My hair is thin, and so my ponytail is skimpy and small spaces of scalp show through the strands. I know I’m not real pretty. My nose is chubby looking which is weird because the rest of me is like, real sharp. Like how books always say pointy or bony or sharp. But I have a fat nose, like one of those dolls, those freaking tubby, butterball, fatty-cakes fatty-cakes dolls. Thanks to genes and Grandma’s crap-for-food lifestyle I’m no fatty-cakes. I don’t know how much it really matters. I’d rather be skinny and ugly, than fat and pretty. I think. I guess I wouldn’t actually know, but I find myself running over the thought, at least I’m not fat, at least I’m not fat. Before the baby I always wore tube tops in the summer to show off my belly button ring. About 6 months in I took the silver hoop out from my belly button but the hole stayed, present and in constant production of whitish sour-smelling quick-to-clump goop. The scar tissue dangles down a little into what was once a nice, average, pinky finger-wide belly button. There’s also a space on my lower lower stomach where the skin looks crinkly. Pale lines of flesh zag across, racing from hip dip to hip dip. I don’t wear tube tops anymore. I don’t wear a belly button ring either. I freaking hate my stomach.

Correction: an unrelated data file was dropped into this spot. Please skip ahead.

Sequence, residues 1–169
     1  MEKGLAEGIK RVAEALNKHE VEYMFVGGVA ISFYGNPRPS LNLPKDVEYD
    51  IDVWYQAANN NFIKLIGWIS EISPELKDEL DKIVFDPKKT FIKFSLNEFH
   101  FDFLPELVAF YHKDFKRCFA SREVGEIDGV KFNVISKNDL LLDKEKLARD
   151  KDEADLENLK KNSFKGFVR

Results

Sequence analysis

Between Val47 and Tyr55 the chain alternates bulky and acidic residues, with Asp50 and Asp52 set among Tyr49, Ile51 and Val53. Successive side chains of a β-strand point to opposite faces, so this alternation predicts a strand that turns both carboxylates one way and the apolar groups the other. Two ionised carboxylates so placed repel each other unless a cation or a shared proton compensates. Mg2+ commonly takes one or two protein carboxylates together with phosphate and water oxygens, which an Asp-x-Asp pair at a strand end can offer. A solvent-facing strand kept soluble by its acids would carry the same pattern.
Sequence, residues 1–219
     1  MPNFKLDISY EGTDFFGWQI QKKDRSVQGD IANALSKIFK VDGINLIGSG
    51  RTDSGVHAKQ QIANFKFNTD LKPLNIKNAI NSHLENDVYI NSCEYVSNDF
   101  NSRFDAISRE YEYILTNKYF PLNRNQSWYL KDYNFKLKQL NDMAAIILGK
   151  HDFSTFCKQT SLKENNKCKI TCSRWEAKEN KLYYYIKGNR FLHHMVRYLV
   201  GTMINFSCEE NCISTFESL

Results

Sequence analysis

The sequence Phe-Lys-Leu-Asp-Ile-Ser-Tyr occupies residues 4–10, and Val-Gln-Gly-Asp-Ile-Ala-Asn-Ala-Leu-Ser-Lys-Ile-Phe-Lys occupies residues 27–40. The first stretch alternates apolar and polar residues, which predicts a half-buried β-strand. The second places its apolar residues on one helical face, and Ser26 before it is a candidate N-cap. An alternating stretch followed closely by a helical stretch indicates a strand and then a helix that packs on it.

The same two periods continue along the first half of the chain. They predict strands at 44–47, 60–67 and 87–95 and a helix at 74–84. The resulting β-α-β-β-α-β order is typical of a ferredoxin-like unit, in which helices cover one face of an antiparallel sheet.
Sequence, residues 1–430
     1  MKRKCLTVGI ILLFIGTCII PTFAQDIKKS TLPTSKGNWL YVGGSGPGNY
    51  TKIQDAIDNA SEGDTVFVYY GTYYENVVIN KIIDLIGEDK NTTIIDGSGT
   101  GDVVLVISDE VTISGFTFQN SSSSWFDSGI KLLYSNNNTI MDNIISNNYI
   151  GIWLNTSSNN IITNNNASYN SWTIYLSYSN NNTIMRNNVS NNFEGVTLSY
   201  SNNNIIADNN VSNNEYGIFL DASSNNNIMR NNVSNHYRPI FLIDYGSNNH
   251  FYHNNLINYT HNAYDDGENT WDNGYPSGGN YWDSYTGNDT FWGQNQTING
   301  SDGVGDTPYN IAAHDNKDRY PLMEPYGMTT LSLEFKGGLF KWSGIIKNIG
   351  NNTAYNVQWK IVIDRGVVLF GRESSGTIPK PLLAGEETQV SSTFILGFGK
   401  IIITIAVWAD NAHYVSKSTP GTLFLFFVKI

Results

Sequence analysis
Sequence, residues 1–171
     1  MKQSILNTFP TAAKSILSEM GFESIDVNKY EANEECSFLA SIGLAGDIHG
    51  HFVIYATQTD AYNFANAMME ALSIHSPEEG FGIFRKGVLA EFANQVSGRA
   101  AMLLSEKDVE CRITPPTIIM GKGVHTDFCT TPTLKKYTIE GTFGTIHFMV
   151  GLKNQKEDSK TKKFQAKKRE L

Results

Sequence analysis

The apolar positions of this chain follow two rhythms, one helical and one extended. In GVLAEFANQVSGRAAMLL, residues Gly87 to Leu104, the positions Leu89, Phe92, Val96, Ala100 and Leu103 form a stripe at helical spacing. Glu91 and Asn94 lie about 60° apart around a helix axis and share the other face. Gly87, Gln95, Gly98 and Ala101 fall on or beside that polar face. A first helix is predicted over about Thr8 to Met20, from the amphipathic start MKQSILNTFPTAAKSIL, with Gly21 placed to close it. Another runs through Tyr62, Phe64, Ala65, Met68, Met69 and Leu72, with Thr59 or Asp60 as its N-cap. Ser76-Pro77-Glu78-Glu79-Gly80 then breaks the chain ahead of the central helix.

I hate the taste of crap weed, but I like the way my face feels when I get high. A numbness creeps from the bottom of my nose and spreads up across my forehead. Every time I smoke, I get the munchies, but I don’t admit to it. I don’t know why. It just feels embarrassing. I’ve never eaten a piece of food in front of a boy. Never. Not even in front of my mom’s boyfriends. Maybe before I can remember I did. That’s possible. Readjusting my leg, I knock over an ashtray that rests beside me on the loosely-woven sofa cover.
“Oh crap,” I say. “Sorry.” But the truth is— I’m not.
I could give a crap less about this dirtball duplex. It freaking stinks like cardboard boxes and body odor. Dirtball Dan is an old tweaker with a twist of hippie about him. I come to get high. I always come here.